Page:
As suggested here, latexmk is a handy way to continually compile your document whenever the source changes. But often when you're working on a document you'll end up with errors and then latex will panic and wait for user input before continuing. That can get very annoying, especially recently when I hacked up something to compile latex directly from an etherpad document, which saves continuously as you type.

Is there a setting for latex or latexmk to make it just abort with an error message if it can't compile? Or, if necessary, how would I set up some kind of Expect script to auto-dismiss LaTeX's complaints?

(I had thought pdflatex's option -halt-on-error would do the trick but apparently not.)

Bonus question: Skim on Mac OSX is a nice pdf viewer that autorefreshes when the pdf changes (unlike Preview), except that whenever there's a latex error it makes you reconfirm that you want autorefreshing. Texniscope doesn't have this problem, but I had to ditch Texniscope for other reasons. Is there a way to make Skim always autorefresh, or is there another viewer that gets this right?

ADDED: Mini-tutorial on latexmk based on the answer to this question:

  1. Get latexmk here: http://www.phys.psu.edu/~collins/software/latexmk-jcc/

  2. Add the following to your ~/.latexmkrc file:

    $pdflatex = 'pdflatex -interaction=nonstopmode';

    (For OS X with Skim)

    $pdf_previewer = "open -a /Applications/Skim.app";
  3. While editing your source file, foo.tex, run the following in a terminal:

    latexmk -pvc -pdf foo.tex
  4. Use Skim or another realtime pdf viewer to view foo.pdf. For Skim, just look at the “Sync” tab in Skim’s preferences and set it up for your editor.

Voila! Hitting save on foo.tex will now cause foo.pdf to refresh without touching a thing.

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    Skim is still thwarting an otherwise perfect solution. Now even with no errors it will often freeze and say "Unable to load file" until I say "OK". I just want a pdf viewer that never bugs me! – dreeves Apr 15 '09 at 15:29
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    Do you have any tutorial on how you managed to make this work with Etherpad? – Rafael S. Calsaverini Dec 30 '09 at 19:58
  • I use -halt-on-error and it works for me. Or I don't really get what fails for you. About Skim, same here, and no better alternative... best is to talk to the developers to push for that feature, I guess. – Damien Pollet Feb 5 '10 at 15:06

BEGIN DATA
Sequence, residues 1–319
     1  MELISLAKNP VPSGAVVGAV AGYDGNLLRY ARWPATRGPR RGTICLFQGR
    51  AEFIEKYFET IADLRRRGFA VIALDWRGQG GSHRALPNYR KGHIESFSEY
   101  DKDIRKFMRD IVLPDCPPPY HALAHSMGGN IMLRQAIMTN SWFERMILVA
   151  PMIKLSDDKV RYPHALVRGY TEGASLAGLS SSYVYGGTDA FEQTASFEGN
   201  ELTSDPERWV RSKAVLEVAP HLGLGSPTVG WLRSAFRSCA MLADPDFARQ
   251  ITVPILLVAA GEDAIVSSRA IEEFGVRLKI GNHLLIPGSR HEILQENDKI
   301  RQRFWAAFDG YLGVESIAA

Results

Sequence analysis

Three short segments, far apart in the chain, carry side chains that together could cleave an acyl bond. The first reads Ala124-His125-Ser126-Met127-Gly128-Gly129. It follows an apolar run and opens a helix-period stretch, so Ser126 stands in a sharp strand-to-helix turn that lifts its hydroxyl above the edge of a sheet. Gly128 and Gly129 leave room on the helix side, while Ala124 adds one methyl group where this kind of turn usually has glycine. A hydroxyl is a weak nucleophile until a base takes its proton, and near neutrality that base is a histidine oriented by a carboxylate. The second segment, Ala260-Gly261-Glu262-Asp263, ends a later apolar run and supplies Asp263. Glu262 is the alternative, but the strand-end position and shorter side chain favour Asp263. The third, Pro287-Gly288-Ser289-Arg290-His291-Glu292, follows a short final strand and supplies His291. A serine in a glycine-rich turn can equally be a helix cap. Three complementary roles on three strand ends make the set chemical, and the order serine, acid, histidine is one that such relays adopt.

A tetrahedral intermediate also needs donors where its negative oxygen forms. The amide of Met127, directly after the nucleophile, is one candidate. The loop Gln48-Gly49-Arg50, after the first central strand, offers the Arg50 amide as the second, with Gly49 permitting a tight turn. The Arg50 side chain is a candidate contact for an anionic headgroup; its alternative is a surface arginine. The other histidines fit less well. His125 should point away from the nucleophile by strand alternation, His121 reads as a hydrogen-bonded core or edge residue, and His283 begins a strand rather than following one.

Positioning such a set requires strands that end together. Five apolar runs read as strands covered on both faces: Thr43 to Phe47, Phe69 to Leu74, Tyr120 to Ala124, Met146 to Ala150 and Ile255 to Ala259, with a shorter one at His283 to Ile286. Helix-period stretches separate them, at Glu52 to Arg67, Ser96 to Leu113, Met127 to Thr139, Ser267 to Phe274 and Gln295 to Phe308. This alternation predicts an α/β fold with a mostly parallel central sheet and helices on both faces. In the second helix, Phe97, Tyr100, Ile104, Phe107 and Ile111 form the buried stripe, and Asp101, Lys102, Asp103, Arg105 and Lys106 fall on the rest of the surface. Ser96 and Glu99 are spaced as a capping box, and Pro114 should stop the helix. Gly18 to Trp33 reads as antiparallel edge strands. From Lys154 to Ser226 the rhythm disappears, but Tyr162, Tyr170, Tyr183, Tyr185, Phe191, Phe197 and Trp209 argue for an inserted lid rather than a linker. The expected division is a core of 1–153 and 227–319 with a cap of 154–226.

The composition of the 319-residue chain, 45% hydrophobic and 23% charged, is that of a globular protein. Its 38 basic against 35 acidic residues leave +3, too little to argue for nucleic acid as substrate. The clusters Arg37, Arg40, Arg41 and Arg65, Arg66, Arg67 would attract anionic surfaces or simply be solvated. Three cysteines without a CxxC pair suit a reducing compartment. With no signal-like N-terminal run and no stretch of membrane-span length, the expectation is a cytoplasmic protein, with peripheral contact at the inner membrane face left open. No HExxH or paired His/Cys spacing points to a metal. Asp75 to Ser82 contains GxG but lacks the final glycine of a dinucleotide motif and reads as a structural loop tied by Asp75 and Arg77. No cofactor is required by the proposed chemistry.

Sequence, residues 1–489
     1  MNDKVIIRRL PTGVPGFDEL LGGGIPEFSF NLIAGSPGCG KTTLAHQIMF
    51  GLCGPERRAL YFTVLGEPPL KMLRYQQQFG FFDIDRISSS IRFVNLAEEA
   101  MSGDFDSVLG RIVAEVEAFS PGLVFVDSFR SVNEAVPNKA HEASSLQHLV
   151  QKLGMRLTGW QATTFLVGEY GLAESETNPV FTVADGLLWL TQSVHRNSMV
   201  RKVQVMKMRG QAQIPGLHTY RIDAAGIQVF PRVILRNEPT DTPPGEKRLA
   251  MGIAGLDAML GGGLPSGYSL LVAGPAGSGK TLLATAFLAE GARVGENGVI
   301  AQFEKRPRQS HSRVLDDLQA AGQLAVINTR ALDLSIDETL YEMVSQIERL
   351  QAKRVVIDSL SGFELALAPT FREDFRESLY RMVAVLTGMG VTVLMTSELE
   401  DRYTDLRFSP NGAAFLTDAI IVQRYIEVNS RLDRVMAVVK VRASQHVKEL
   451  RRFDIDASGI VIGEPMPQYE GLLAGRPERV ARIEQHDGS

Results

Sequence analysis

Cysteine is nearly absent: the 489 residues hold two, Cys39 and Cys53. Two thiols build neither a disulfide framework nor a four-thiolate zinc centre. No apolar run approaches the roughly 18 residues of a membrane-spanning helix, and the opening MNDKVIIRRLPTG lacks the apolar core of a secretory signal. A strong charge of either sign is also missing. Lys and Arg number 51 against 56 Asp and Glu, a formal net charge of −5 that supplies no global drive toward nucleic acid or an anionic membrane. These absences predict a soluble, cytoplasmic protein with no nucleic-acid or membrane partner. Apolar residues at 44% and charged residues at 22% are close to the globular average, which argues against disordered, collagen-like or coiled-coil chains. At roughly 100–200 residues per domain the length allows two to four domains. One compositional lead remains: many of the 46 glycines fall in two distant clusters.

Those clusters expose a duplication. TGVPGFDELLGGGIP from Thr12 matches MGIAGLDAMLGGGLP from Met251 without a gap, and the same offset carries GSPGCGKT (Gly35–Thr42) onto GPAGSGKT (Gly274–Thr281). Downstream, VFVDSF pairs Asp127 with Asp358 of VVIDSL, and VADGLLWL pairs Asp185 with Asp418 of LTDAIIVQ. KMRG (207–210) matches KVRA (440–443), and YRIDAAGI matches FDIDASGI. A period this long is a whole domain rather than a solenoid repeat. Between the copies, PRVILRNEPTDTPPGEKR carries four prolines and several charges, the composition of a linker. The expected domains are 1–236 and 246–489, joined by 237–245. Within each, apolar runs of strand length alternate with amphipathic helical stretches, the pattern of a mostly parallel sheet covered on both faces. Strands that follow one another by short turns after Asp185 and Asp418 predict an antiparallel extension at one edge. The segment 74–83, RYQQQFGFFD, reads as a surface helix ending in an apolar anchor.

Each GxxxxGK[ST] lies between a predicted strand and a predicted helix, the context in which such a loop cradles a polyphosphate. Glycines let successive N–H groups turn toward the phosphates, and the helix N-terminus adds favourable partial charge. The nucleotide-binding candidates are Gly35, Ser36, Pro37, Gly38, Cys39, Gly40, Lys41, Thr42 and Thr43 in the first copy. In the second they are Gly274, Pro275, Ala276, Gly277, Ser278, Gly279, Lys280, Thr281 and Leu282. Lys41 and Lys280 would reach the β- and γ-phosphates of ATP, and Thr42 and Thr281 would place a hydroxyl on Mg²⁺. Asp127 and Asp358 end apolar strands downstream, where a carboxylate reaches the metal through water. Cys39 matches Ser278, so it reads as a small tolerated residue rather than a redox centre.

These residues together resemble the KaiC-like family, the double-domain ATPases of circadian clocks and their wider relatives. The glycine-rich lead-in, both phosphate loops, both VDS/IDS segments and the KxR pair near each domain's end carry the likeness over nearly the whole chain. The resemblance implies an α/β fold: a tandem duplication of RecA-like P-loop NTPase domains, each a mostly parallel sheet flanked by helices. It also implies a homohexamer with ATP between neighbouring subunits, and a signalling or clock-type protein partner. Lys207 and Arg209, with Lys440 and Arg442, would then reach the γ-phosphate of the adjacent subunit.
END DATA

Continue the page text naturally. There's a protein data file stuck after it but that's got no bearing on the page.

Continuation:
• Could you move your mini-tutorial to an answer? It is not part of the question. – Paŭlo Ebermann Oct 20 '11 at 13:55
  • While using latexmk, you can also use the '-interaction=nonstopmode' option directly to avoid stopping on errors. This is essential for TexMaker, which will hang with latexmk on any errors. You should add that option to the latexmk command, in 'Options > Configure TexMaker > Commands' – ravemir Aug 15 '13 at 22:21

With MikTeX, pdflatex has this command-line option:

  -interaction=MODE               Set the interaction mode; MODE must be one
                                  of: batchmode, nonstopmode, scrollmode,

Edit suggested by @9999years:

Those values are equivalent to a set of LaTeX \commands that provide the same functionality.

From TeX usage tips:

The modes make TeX behave in the following way:

  • errorstopmode stops on all errors, whether they are about errors in the source code or non-existent files.

  • scrollmode doesn't stop on errors in the source but requests input when a more serious error like like a missing file occurs.

  • In the somewhat misnamed nonstopmode, TeX does not request input after serious errors but stops altogether.

  • batchmode prevents all output in addition to that (intended for use in automated scripts). In all cases, all errors are written to the log file (yourtexfile.log).

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    This is not specific to MixTeX or even LaTeX -- it's been there from Knuth's very first version of TeX AFAIK. – ShreevatsaR Apr 10 '09 at 20:40
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    Even if it's not there, I've used echo q|pdflatex for a while to achieve this; works well enough :) – Joey Apr 10 '09 at 21:24
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    I'm having trouble figuring out what those modes actually mean. The manpage says "the meaning of these modes is the same as the corresponding \commands". What "\commands" is it talking about? – dreeves Apr 15 '09 at 9:52
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    Answer: it's talking about raw TeX commands and I think I want nonstopmode: shows all errors on the console but doesn't prompt about them. errorstopmode is what it normally does. scrollmode stops for certain errors like missing files. batchmode neither stops nor outputs errors to the console. – dreeves Apr 16 '09 at 5:10

You can also put \nonstopmode or \batchmode at the very beginning of your tex file; then it'll work with any TeX version, not just pdflatex. For more info on these and related commands see the very good reference on (raw) TeX commands by David Bausum. Especially the command from the debugging family could be of interest here.

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Another possible hack is simply to use:

yes x | latexmk source.tex

You could always create an alias for 'yes x | latexmk' if you're going to use this option lots. The main advantage of this that I can see above the other suggestions is that it is very quick for when you occasionally want latexmk to behave like this.


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There is also a \batchmode command may do the work.

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